Once upon a time, parents weren’t parents. They were 20-something-year-olds with heads full of dreams, time and energy in spades. They did more than change diapers and watch Sponge Bob. For these five Blue Ridge families in particular, life before kids was measured in athletic benchmarks—podiums won, miles traveled, adventures undertaken.Yet even now, these parents aren’t just parents. They’re entrepreneurs and business professionals and mentors, yes, but they’re still athletes. They’re still training and racing and exploring, which begs the question—can you be an accomplished athlete and a first-rate parent too?Mommy GuiltSophie Carpenter Speidel of Charlottesville, Va., wasn’t always a runner. In college, running was a means to an end, a way to stay in shape for her lacrosse career, which eventually landed her on the US Women’s National Lacrosse Team from 1982 until 1984. So in 2005, when Speidel was toeing the line at the Massanutten Mountain Trails 100 Mile, her first 100-miler, just three years after her first ultra ever, no one was more surprised than she.“I had run the 10K at the Blue Ridge Burn for a few years and I loved it,” she says of her early trail running experiences. “I was set free, it seemed like.”Speidel taking to the trails early in her running career.But an ultra, let alone a 100-miler, is a far cry from a 10K, as Speidel quickly found out. Especially when it comes to training while trying to raise three kids under the age of 10. Knowing little about proper training tactics for a 100-miler, Speidel was in the woods all day, every day, every weekend. When she wasn’t running, she was reading about running. Running consumed her, exhausted her, but it also exhilarated her.“Ultra running can be very seductive, like any endurance sport, in terms of time and community,” she says. “It’s a great escape, especially in this day and age, to just be in the mountains all day. You can lose track of the reality of your life a little bit. Some people realize that and right the ship,” but often, as was the case with Speidel, there needs to be a catalyst first, a looming threat of capsizing, to change the trajectory.For Speidel, that moment came at the Bull Run 50 Mile in Clifton, Va. It was a beautiful, crisp morning. Speidel was making quick work of the course, moving with ease through rolling woods and across spring fed creeks. Speidel was in the zone, lost in her breath and the sounds of birds in the trees and leaves crunching underfoot. But almost halfway through the race, the course spit her out from the forest and back into the bustle of Clifton. And that’s when she saw it—a soccer field.“It was a typical Saturday morning in northern Virginia,” she says. “The course literally runs through this soccer field and as I’m running through, I’m looking around and seeing all of these families with kids. That race gave me huge mommy guilt. It’s unlike when you go out in the mountains and you’re away from it all.”Though her husband Rusty had mostly supported Speidel’s newfound obsession with running, it was starting to wear on their marriage. Even when Speidel was home, she was distracted, preoccupied with race reports and training methods. But after the Bull Run 50 Mile, Speidel came to grips with reality and made a change.“Your kids are only young once. If it doesn’t work, it doesn’t work and there will be plenty of time to do your thing later,” she says. “You gotta figure out what works for your family. Balance is a matter of trial and error.”Eventually, the couple fell into a rhythm of taking turns. Speidel ran on Saturdays and Rusty biked on Sundays. She continued running ultras, averaging about seven per year, all the while supporting Rusty and his goals, like finishing the Shenandoah Mountain 100. And when the kids were old enough to compete in organized sports of their own, Speidel prioritized that first, even if it meant missing out on her favorite races.“Throughout the parenting continuum, I’ve ebbed and flowed. I went from being gung-ho in the beginning, got a reality check, and now I have perspective. I missed out on years of races, but I didn’t mind. If you do mind, then something’s wrong.”[nextpage title=”Next Page”]Work Hard to Play HardFor triathlete Jay Curwen of Asheville, N.C., the reality check he needed came not from his wife Monica but from their first-born son. Curwen, who’s been a two-time USA World Triathlon Championship Team Member and National Champion adventure racer, knew that his athletic expectations would need some adjusting when kids came into the picture. But shifting his career, which at the time was working as a sales representative for Patagonia, was one change he didn’t expect to make.The Curwen family in their element.“My oldest was just a couple years old at that point, and in his memory, I was gone as much as six months at a time,” Curwen remembers. “That wasn’t the case. I was sometimes gone two weeks at a time, but that broke my heart because in his three-year-old mind, I was gone half a year.”Curwen ditched the traveling gig and found a job with the Nantahala Outdoor Center, which meant he could be present at home with his three sons while still being an active part of the Southeast’s outdoor industry. As for fitness, Curwen exercises whenever he can, even if it means answering work emails while cranking out miles on a stationary bike.“Up until Monica and I got married, athletics for me was all-consuming. Basically every part of my life I geared towards being an athlete and getting faster,” he says. “When I was 25, I didn’t leave anything to chance. If the guy beat me, it was because he was legitimately better than me. Now, if I win, I win, if I don’t, I don’t and it’s okay. I don’t pressure myself on the results anymore.”Don’t let Curwen fool you—his competitive fire hasn’t totally gone to ash. Just last year, Curwen won his age division at both the USA Triathlon Off-Road National Champions and the USA Triathlon Long Course Duathlon National Champions. The trick to staying moderately competitive while still being a present, engaged father, he says, is a combination of maintaining a base level of fitness, getting up early, and including the kids.“My boys have definitely seen their dad get his clock cleaned more times than not,” says Jay Curwen. “They’ve also seen me win a lot of things and, as a five-year-old, if you see nothing but your dad win, that becomes your expectation. I don’t want that to be any kind of example. I want them to be able to enjoy competing and not competing and not measure themselves against any other yardstick but themselves.”Training Smarter“Instead of training for triathlons, I stuck to running because it was something I could do while pushing them in the stroller,” says 37-year-old Sue Finney of Knoxville, Tenn.Finney is a wife and mother of three. Last September, she and her husband David opened their own gym, KyBRa Athletics. As if balancing all of that wasn’t enough, Sue also managed to recover from a broken foot and swipe the title as the 2016 XTERRA Southeast Regional Champion. Like Curwen, Sue knows she has to be realistic about how much time she can spend training for the upcoming XTERRA World Championships this year, but that’s all the more reason to make the most of what little time she does have.“You really don’t have time for lazy downtime,” she says of being a gym owner, mom, and athlete-in-training. “I train so much better now than I did in my 20s. Then, I would say, I just want to ride for fun today and I’ll work hard tomorrow, but now, I don’t know if I’ll have a tomorrow. What if a kid gets sick or there’s a snow day? I might train a little less, but I’m actually doing better. If I had my 20-year-old body with my 37-year-old mindset, I’d be a lot better of an athlete.”“Having kids really makes you live up to your potential,” adds her husband, David. “They also teach you to be more flexible and just a little more dynamic in how you live your life.”For David, that meant giving up the high-consequence stakes of steep creek, expedition-style kayaking that had defined his years as a member of the Riot Team. In his 20s, David’s life looked a lot like a spread in Rapid Magazine—pristine waterfalls, dense jungle canopy, shuttle rides on the back of mud-encrusted motorcycles. Every year, David would spend multiple months on whitewater trips in exotic destinations ranging from Thailand to Patagonia. David still paddles on the Southeast classics, but he’s more interested now in teaching his kids to paddle and introducing them to the element that has so influenced his life.“I don’t do a lot of things I would have done 20 years ago because if I got hurt or drowned, it would affect many more people than it would have when I was 20 years old and single,” he says. “You assess risk differently. It becomes less valuable to you to paddle the hardest rapids or go over the tallest waterfalls. Your kids don’t care. They just like to think you’re kayaking.”And more importantly, he says, they like to be a part of it. Holidays at the Finney household don’t involve a lot of gifts. Birthdays in particular, says Sue, are structured around experiences over material items. Their oldest, Kyra, 7, chose paddling the Nantahala for her birthday, and their middle child, Rachel, 4, wanted to go camping. Kyra recently got her very own mountain bike, and is anxiously waiting for the junior race season to begin. It’s moments like these, agree Sue and David, that make all of the hard work and dawn patrols worth it.“We get up early at 5 a.m., we don’t watch a lot of TV, or if we do we fall asleep to it, date nights aren’t usually movie-and-a-dinner but hire-a-babysitter-so-we-can-mountain-bike-together,” says Sue, “but if you can just make the kids part of it all, they’re happier. I hope I’m still racing when my kids are in high school, but I also hope that they’re out there kicking my butt.”[nextpage title=”Next Page”]No ExcusesThat philosophy of inclusion is sweeping the parenting world, particularly in younger generations of moms and dads. Just ask Blacksburg, Va., parents Luke Hopkins and Anne Pagano. You need only take a look at their Instagram feeds (@adventures_of_annie and @localpaddler) to see that athletically driven parents can have their cake and eat it, too.“You can still do everything you did before having kids, but there’s no question that things change to some degree or another,” says Pagano, “but they make baby backpacks for hiking, strollers for running, you can have a baby sit between your legs in a kayak and paddle on flatwater. It’s not easy, but there’s always a way.”Inclusion is key in the Pagano-Hopkins household.Hopkins, who grew up competitively kayaking and earned the podium twice at the US Freestyle World Championships (silver in 2001, bronze in 2003), and Pagano are leading the charge in the Southeast’s standup paddleboard scene. They’re regular contenders in regional SUP races like the Chattajack 31, the New River Gorge SUP Race, and the Tuck Fest SUP Cross. Hopkins works as sales manager for Onewheel, while Pagano is brand ambassador for Body Glove, Imagine Surf, Accent Paddles, and IceMule Coolers. The couple also stays busy hosting the destination SUP TV series Chasing Waves.“Having kids, for me, hasn’t really stopped my professional athlete career,” says Hopkins. “It’s not the, ‘I can’t,’ or, ‘I never,’ or, ‘Everything’s just changed,’ it’s the, ‘How can?’ attitude that’s made it possible for us to live the outdoor recreational lifestyle, still travel, and still make a living to support our family.”Their seemingly progressive parenting style is a mix between the skin-your-knee mentality on which many of us were raised and the summer camp pillars of trying hard and having fun. While the fall and winter months are pretty standard as far as most families go, summer months for their two girls, ages eight and five, are anything but. For the past three years, the family has lived on the road out of an RV for the summer, traveling, exploring, and for Hopkins, working at a dozen outdoor industry events.At the very least, their girls have a childhood full of experiences most adults can only dream of—paddling the Allagash River in Maine, exploring and paddling on the Skookumchuk in British Columbia, paddling the Salmon River and soaking in Idaho’s hot springs, hiking in Arches National Park, paddling Oregon’s Columbia River Gorge…you get the picture.“Everything is definitely slower which wasn’t something I was used to,” says Pagano. “When I hike, I typically hike fast or run, but they have taught me to look around and collect acorns, find mushrooms, find the little frogs I wouldn’t see if I was running through the woods on my own. I have definitely learned to appreciate slowing down, savoring, and taking our time.”Cultivating GritThe relationship with time is ultimately what made Roanoke-based parents Bekah and Derrick Quirin decide to take their one-year-old baby Ellie on a thru hike of the Appalachian Trail. The Quirins, who are both 25, have always wanted to thru hike the trail. After graduating from college with degrees in outdoor leadership, they thought for sure they would hike the trail, but they got jobs, traveled out west, and then Bekah became pregnant.“I left my job to stay home with Ellie and joined this hiking group called Hike It Baby,” says Bekah. “One day, I realized that it might be a possibility [to thru hike with her] because Ellie was a lot happier being outside than inside. She loves the outdoors.”BRO-TV: Ellie on the AT from Blue Ridge Outdoors on Vimeo.After months of planning and deliberation, the Quirins set off on their flip-flop journey from Roanoke last month, with plans to hike south first to Springer Mountain before heading north to hike from Katahdin back to Roanoke. Their plan seems ambitious, maybe a little too ambitious to some—Ellie, who Bekah will be solely responsible for carrying while Derrick lugs the rest of their gear, will be going through her teething phase on the trail. But for both Bekah and Derrick, the benefits of spending all day, every day with Ellie during those eight allotted months far outweigh the challenges of hiking 12 miles a day with heavy packs.“Everybody says, ‘time flies,’ and then when you have kids, time flies even faster. We didn’t realize how true that was. When we thought about how we can make time slow down, that’s how we came to thru hiking,” says Bekah. “I’m sure I’ll definitely question at some point what in the world were we thinking taking this trip, but mentally, I want to have the perspective that even if we were still in our comfortable house with everything that is normal to most people, there are still going to be rough days. Doing a thru hike is hard, but raising a child in general is really hard, too.”Before you go judging the Quirins or Pagano-Hopkins household for raising van-lifer-dirtbags-in-the-making, recent studies show that the introduction of grit into a child’s life is more important to overall success than natural intellect or talent. According to Angela Lee Duckworth, a University of Pennsylvania psychologist who has studied grit for decades, instilling children with optimism at the first signs of discomfort, or failure, can make them more successful down the road.“Grit is living life like it’s a marathon, not a sprint,” says Duckworth in her TED Talk on grit. “It’s about having stamina, sticking with your future—day in, day out, not just for the week, not just for the month, but for years—and working really hard to make that future a reality.”Sounds like a thru hike, doesn’t it? While baby Ellie will likely only remember her white blaze trek in pictures, that exposure to her parents working hard, and possibly failing, will have a lasting effect on her grittiness.READ PAGE 4[nextpage title=”Next Page”]Words of WisdomWant to take the kids on your next outdoor adventure? Take a gander at these tried and true tips from our four families before you hit the trail.Start ‘em young!“When we moved to Charlottesville, to be honest with you, I didn’t even know about the Appalachian Trail. Later we tried taking them to Old Rag, but unless you really start them young, it’s hard.”—Sophie Carpenter + Rusty SpeidelKeep it fun.“As adults, we really don’t have too much trouble putting our head down and grinding out a workout, but when you’re 10 years old, that’s not what it’s about. It’s about having fun, and adults sometimes skip the fun part.”—Jay + Monica CurwenBring more food always.“Pack more food than you think. Exploring the outdoors takes a lot out of not only the kiddos, but the parents. ‘Hangry’ family members can ruin a day in the woods.”—David + Sue FinneyKeep it short and sweet.“Keep the length of your trip age appropriate. Younger kids tend to have shorter attention spans.”—Anne Pagano + Luke HopkinsGive yourself a break.“There are educators in the field that can do the job of teaching your kid things, whether it’s a ski instructor or paddling instructor, and I would encourage parents to lean on that resource rather than be the instructor yourself. I’ve seen my kids take the same advice and instruction I gave them from a professional because that instructor was not a parent. It’s money well spent.”—Jay + Monica CurwenBe prepared, but embrace spontaneity.“When traveling, pack lunches and scout out state parks or national forest ahead of time and take back roads as often as possible. Some of our most memorable experiences are the places we stopped for a picnic lunch or a break from driving.”—David + Sue FinneyTop 10 Destinations for Family Friendly FunOur four families shared their favorite places to go outside and play.Play + DineSpy Rock + Devils Backbone Brewing CompanyRoseland, VirginiaAt 3.1 miles roundtrip, this short hike in central Virginia won’t take all day, but when you’re dragging kids up a mountain, shorter is sometimes better. The trail climbs steadily to the Spy Rock summit, but that means it’s all downhill from there. Spend an hour or two basking in the 360-degree views of the Religious Range before heading back for a lunch or early dinner at Devils Backbone Brewing Company. When the weather’s nice, the outside seating and game area gives kids plenty of room to roam while the adults kick back by the fire pit with a locally crafted brew.Turk Mountain + Blue Mountain BreweryAfton, VirginiaWhat better way to greet the day than a 2.2-mile morning hike to the top of a mountain? You’ll climb 690 feet to reach the peak, but once you’re there, you’ll be greeted with talus slopes to scramble on and classic Virginia Blue Ridge views to soak in. Head back down for brunch at Blue Mountain Brewery, which usually has live music on Sundays during the warmer months.French Broad + Salvage StationAsheville, North CarolinaWant a carefree, scenic river float that requires minimal logistics? Head out on the class I-II section of the French Broad River. In the summertime especially, this portion of the French Broad can become crowded with weekend tubers. Start your float early and take out at the Salvage Station. This riverfront bar, concert, and event space is more outdoors than in, and regularly has free music, games, and rotating food trucks.Hit the WaterNantahala Outdoor CenterBryson City, North CarolinaNothing says summer like whitewater rafting. Take a guided trip down the class II+ Nantahala River with one of the center’s seasoned guides. Kids can also enroll in one of the center’s various paddling schools or clinic offerings to take full advantage of the professional expertise here.Fontana LakeAlmond, North CarolinaRent a boat, or bring some floating crafts of your own, and head out onto this spectacular 10,000-acre lake. Engulfed by the majesty that is the Great Smoky Mountains, Fontana’s 240 miles of shoreline afford the adventurous at heart endless opportunities to explore. Quiet coves and defined cliff bands make great stopping points to cool off with a swim or cliff jump.DuPont State Recreational ForestBrevard, North CarolinaHike or bike on DuPont’s 90-mile trail system. Situated at the heart of western North Carolina, this gem is easily accessible and can be as novice-friendly or as advanced as your family’s skillset allows. You would be remiss to plan an adventure here and not pay a visit to the waterfalls showcased in The Hunger Games. Given the stunning beauty of this North Carolina gem, even adults will find it hard not to channel their inner Katniss Everdeen.Summersville LakeSummersville, West VirginiaThe sandstone cliffs that border Summersville Lake are out-of-this-world cool, whether you’re a pontoon floater, a SUPper, or a climber. Take your craft of choice to any number of boater access ramps and spend the day on this pristine body of water.New RiverBlacksburg, VirginiaLargely overshadowed by the rompin’ class IV-V New River Gorge downstream, the upper stretches of the New River are every bit as scenic and fun. Though the rapids are sizably smaller, they serve as the perfect whitewater introduction for kids of all ages. Put in at McCoy Falls just 15 minutes outside of Blacksburg. Skilled paddlers can get in a quick surf here before floating tranquilly down the rest of the class I-II run.On BelayKnoxville’s Urban WildernessKnoxville, TennesseeOnly a few miles from downtown Knoxville, this recreation oasis encompasses 1,000 acres across 10 different parks and four civil war sites. There are over 50 miles of multiuse trails here, making the Urban Wilderness a popular destination among cyclists and runners, but new to the scene is the Ijams Crag, Knoxville’s only outdoor climbing area. The climbing crag features a diverse range in beginner to advanced sport routes and affords novice climbers an intimidation-free environment to learn the ropes.New River GorgeFayetteville, West VirginiaNo matter if you climb sport, trad, or boulders, the bullet-hard sandstone at the New provides. Hike in for miles on stunning trails to avoid the crowds, or park-and-climb within minutes of leaving your car. Though the New is notorious for sandbagging, there are a handful of walls that offer more moderate routes for families and novice climbers, such as Sandstonia and Butcher’s Branch. Take care in the summer, as these areas in particular can become especially crowded on the weekends.Photo by Luke HopkinsGet SchooledWith these 8 outdoor education centers so you, and your family, can feel safe about recreating.Nantahala Outdoor CenterBryson City, North CarolinaVoted “Best Raft Guide Company” in our 2017 Best of the Blue Ridge contest, the NOC is also one of the leading instructional centers for kayaking, swiftwater rescue, wilderness medicine, and, should you want to join the NOC raft guide ranks, raft guiding.Landmark LearningSylva, North CarolinaFor all things related to risk management, wilderness medicine, and backcountry response, Landmark Learning is the outdoor industry’s go-to educational organization. College students can even receive an entire semester’s worth of credits while gaining important industry certifications like Wilderness First Responder and Wilderness EMT.Outward BoundNorth Carolina, GeorgiaNo matter your age or experience level, Outward Bound has a course that will suit your needs. Trips can range from four days to almost three months and span all genres of outdoor adventure in every corner of the world, from sailing off the coast of Maine to backpacking in Patagonia.Fox Mountain GuidesPisgah Forest, North CarolinaLearn the ropes with Fox Mountain Guides, voted “Best Climbing Company” in our 2017 Best of the Blue Ridge contest and the only American Mountain Guides Association accredited guide service in the region. Beginners will gain a comprehensive understanding of rock climbing in an intimidation-free setting suited to their experience level, while even expert climbers will learn a thing or two from Fox Mountain’s seasoned guides.Adventure Sports Center InternationalMcHenry, MarylandTouted as the world’s only mountaintop whitewater course, this manmade whitewater center is unique not only in its setting but its outstanding raft guides and kayak instructors. Learn the basics of whitewater paddling in a relatively controlled environment and without the logistical stress of paddling remote rivers.New River Mountain GuidesFayetteville, West VirginiaWant your teen to get hooked on something other than Facebook and video games? Send them to a weeklong rock climbing course this summer with New River Mountain Guides. Between the world-class climbing, nightly campfires, and lasting friendships, it’s sure to be a summer your child will never forget.Wilderness VoyageursOhiopyle, PennsylvaniaMake the most of your next weekend getaway with a two-day immersion in kayaking. For decades, the whitewater paddling hub of Ohiopyle has churned out some of the world’s best paddlers, so you know the boating here has to be good. All equipment and gear is provided as well as transportation and lunches on the water.American Canoe AssociationVarious LocationsThroughout the year, the American Canoe Association partners with outfitters and paddling clubs across the country to offer a diverse array of courses such as swiftwater rescue, coastal kayaking, essentials of river kayaking, and SUP surf skills. Whether you’re a beach bum or a river rat, the ACA is your best bet for learning water safety and skills.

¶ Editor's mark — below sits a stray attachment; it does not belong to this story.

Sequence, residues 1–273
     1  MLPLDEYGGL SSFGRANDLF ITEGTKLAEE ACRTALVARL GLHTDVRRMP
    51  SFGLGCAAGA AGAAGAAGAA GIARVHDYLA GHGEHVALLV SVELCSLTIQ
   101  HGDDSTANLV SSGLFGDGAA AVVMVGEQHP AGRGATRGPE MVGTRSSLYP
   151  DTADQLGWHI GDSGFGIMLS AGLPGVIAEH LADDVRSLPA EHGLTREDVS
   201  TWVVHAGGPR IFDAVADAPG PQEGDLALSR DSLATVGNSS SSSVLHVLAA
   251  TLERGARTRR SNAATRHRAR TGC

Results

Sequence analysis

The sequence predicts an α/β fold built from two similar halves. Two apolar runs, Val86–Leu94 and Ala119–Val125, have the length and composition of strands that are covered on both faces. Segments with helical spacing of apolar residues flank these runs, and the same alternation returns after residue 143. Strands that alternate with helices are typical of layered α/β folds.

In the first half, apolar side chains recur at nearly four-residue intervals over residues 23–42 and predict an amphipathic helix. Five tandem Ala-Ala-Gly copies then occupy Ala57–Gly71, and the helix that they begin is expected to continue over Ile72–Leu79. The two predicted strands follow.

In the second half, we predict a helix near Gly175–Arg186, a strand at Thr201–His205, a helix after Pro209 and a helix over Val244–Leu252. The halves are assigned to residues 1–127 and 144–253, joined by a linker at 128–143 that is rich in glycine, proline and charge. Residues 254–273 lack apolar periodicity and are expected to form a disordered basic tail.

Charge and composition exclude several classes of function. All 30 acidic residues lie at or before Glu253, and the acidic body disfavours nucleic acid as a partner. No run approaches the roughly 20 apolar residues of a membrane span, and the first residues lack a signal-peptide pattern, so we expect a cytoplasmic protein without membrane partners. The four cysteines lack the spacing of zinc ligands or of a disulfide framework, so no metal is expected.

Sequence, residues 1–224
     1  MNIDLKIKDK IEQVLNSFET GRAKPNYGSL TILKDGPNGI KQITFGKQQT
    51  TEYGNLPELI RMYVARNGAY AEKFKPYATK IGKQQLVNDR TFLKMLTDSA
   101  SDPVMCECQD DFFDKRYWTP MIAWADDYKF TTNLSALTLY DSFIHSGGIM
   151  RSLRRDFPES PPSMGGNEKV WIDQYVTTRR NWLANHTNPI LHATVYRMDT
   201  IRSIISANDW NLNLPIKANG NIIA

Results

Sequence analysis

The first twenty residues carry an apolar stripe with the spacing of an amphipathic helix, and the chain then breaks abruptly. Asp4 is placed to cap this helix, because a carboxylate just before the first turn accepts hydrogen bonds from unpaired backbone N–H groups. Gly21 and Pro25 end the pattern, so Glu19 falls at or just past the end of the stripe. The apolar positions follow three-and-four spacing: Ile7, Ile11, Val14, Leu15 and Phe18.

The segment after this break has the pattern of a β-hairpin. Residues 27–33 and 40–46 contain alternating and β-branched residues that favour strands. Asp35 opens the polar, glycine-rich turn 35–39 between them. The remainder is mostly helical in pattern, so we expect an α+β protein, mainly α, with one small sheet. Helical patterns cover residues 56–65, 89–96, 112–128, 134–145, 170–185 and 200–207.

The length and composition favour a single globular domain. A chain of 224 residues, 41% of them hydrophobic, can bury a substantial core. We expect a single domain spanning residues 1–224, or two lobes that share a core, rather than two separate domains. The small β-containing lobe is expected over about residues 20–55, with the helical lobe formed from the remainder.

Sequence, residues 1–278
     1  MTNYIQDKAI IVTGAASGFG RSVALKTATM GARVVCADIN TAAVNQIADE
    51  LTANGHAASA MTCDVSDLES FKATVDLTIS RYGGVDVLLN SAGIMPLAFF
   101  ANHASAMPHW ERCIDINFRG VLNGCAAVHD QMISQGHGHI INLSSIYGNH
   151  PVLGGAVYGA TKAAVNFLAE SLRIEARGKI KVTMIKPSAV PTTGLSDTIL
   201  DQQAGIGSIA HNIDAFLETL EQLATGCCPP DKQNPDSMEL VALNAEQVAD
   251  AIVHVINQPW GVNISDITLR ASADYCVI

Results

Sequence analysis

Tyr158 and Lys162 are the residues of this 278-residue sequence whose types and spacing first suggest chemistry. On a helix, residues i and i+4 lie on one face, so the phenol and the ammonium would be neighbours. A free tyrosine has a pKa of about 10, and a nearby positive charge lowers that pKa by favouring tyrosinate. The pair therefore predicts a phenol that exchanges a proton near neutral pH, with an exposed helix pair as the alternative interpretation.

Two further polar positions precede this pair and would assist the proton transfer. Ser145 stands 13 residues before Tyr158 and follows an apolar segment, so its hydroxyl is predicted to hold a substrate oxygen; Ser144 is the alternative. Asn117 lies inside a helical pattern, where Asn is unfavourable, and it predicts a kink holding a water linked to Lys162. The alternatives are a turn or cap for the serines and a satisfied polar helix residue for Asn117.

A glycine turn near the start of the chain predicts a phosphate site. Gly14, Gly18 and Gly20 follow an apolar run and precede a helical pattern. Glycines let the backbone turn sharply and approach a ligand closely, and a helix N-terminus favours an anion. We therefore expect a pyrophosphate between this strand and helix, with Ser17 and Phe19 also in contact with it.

182SHARESShareShareSharePrintMailGooglePinterestDiggRedditStumbleuponDeliciousBufferTumblr,Scott Butterfield The competition for loans has never been greater. It’s a market long crowded with traditional and non-traditional players, including credit unions large and small looking for the best options to make the most of their efforts.In spite of drastically changing consumer social and economic demographics, most of us are still using the same old growth strategies when it comes to lending: solely seeking out prime borrowers for indirect, recapture (steal-a-loan), mortgage, and business lending. One percent new auto loan rates are common, an example of myriad “get lost in a sea of low-rate” offerings, each targeted to a prime borrower who can take their business anywhere. And while we are all slugging it out for the prime borrowers, the pool is shrinking.According to the Corporation for Enterprise Development (CFED), 55.6 percent of consumers have sub-prime credit. Consider this for a moment: when we limit our sights to prime borrowers, we effectively cut the potential loan market in half!What’s going on out there?Our consumer market is changing, with three key emerging markets growing in number that collectively have thinner or sub-prime credit files:Millennials (18-33 year olds)Lower- to moderate-income consumers (earn less than 80 percent of the area median income)Hispanics/ImmigrantsThese emerging markets are underserved, and for the most part overlooked. Ask most credit union leaders and they will tell you they want to grow millennials, but become skittish when they confront a thin file. Credit union leaders will also say they want more loyal members – it’s difficult to find more loyal members than lower-income consumers or those from minority communities who receive affordable access to credit. I believe (and scores of credit union best practices bear this out) that credit unions who dig a little deeper, reaching and lending to these emerging markets with sub-prime, thin credit files, are more relevant to their membership and to their communities.How to reach and serve these underserved credit marketsThere are hundreds of credit unions that have very long and successful track records serving consumers with little or no traditional credit histories. Talk to these expert lenders and your will sense their strong determination to approve more loans for their members. They don’t give up when they pull a thin file report. They know how to dig a little deeper…. They are no stranger to including payment histories for rent and utilities into the loan decision making process.Just ask Teri Robinson, President/CEO of Pacific Northwest Ironworkers Federal Credit Union. Teri has been digging deeper to serve members for years. Her passionate commitment to her members is demonstrated by finding more ways to get to an approval. This has led to dramatic member development stories, strong loan growth and higher profitability. Teri believes “We exist to serve and educate our members, we find and consider every piece of information we can about each member to help us in the decision making process, this includes non-traditional payment histories.”Today, credit union leaders like Teri are looking at new ways to assess the credit worthiness of the 64MM consumers with little to no traditional credit history. Using comprehensive data and analytics, Experian partners with credit unions to continually improve ways to score and reach this underserved market. One specific and successful example is Experian’s Extended View Score, an FCRA-compliant credit model that pulls both traditional credit and alternative consumer information such as rental data and full file public records into one predictive score. This additional information helps credit unions to reach more members and get more approvals.Why it mattersTo be successful, each and every credit union must find spaces where they can compete and consistently win. Serving sub-prime and underserved consumers is a good market for thousands of credit unions that are trying to remain relevant and profitable in a rapidly changing environment. Here’s why I believe these markets are a good fit for so many credit unions:Values – Lending to underserved consumers is a core credit union value that will resonate – but you have to “walk the talk.”Aging membership – Credit unions’ traditional membership is reaching saturation point and is in need of younger borrowers. An average membership age of 49 is hurting many of us. None of us can afford to skip over the younger generations of borrowers.Future growth – Emerging millennial and Hispanic markets are growing rapidly. Millennials recently overtook the number of Boomers. The Hispanic/Latino market has reached 53 million, and is expected to reach 86 million by 2030, and 133 million by 2050. Successful credit unions will not ignore these demographic and economic realities.Middle market – Most mainstream financial lenders are focused on the middle market. That is where competition is the most intense. Underserved communities are predominantly ignored by mainstream lenders, giving credit unions a niche to win. Mid-sized and smaller credit unions can become “bigger fish in a smaller pond,” and more clearly stand out.Profitability – When properly managed, sub-prime and thin-file consumer loan portfolios are very profitable, with high average net loan yields. How many of us would snub our nose at average portfolio yields of seven to 10 percent?Loyalty – The most loyal consumers are those who you have truly helped in a meaningful way, and this goes way beyond a loan rate and extending “personal, friendly service.” Loyalty comes from people you have helped when others would not. It comes when they remember that first or second chance that helped them really move forward in life. People who improved credit and made better decisions will not easily forget you. Just ask your credit union peers who actively serve these markets; they will tell you the referral business alone drives tremendous loan and profitability growth.Community focus – Consumers who receive affordable access to credit build personal assets that lead to stronger communities. Today’s younger and diverse consumers place a very high priority on community development. Wise credit union leaders will leverage a commitment to serving the underserved and overlooked consumer by seeking out like-minded, non-financial community leaders to increase impact.If your credit union is not reaching the level of loan growth, profitability, diversification, member loyalty, or community development results you desire, I encourage you to take a closer look at your underserved and overlooked communities and consider leveraging the tools that are now available to better reach out to, analyze, and serve more consumers. Scott is the Principal of Your Credit Union Partner, PLLC.Your Credit Union Partner (YCUP) is a trusted advisor to the leaders of more than 100 credit unions located throughout … Web: www.yourcupartner.org Details